A sick, deranged monster of a man goes on a rampage. There are dozens of victims. A community is left in shock, mourning its innocence lost.
That plot applies not only to James Holmes, who will undoubtedly face charges for shooting up a Colorado movie theater last week, but to Jerry Sandusky, whose rampage wasn’t of the killing kind, but which still left dozens of victims — most of them children and their families — to pick up the pieces and recover from a different kind of assault, a different kind of violence.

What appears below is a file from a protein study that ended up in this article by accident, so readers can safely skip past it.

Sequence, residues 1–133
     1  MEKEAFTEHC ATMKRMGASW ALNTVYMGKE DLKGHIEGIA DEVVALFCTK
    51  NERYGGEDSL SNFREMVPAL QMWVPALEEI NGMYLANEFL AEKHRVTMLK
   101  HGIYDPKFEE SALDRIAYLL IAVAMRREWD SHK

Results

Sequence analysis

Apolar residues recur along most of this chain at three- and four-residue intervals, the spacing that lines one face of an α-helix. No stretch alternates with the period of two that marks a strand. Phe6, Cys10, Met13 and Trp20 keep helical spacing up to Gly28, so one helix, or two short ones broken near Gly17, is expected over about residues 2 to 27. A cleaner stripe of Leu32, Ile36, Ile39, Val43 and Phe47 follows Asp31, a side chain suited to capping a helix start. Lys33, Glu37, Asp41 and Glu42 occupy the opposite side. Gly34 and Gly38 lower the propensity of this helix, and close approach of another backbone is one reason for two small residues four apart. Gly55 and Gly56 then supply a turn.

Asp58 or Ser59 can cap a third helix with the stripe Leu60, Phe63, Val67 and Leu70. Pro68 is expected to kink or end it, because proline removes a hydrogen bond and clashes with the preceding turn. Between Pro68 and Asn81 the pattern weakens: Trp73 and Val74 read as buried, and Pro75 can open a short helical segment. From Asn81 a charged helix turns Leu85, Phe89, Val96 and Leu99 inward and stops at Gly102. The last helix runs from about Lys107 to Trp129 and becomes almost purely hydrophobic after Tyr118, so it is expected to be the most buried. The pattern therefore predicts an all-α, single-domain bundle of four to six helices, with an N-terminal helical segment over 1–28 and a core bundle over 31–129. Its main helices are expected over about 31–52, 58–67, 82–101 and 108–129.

And as the Penn State community is left in tatters, destroyed by Sandusky’s crimes and its football program virtually gutted by the NCAA, we are all asking how it could have been prevented.
There were, in the case of Penn State, warning signs. Plenty of them. An all too shocking number of them.
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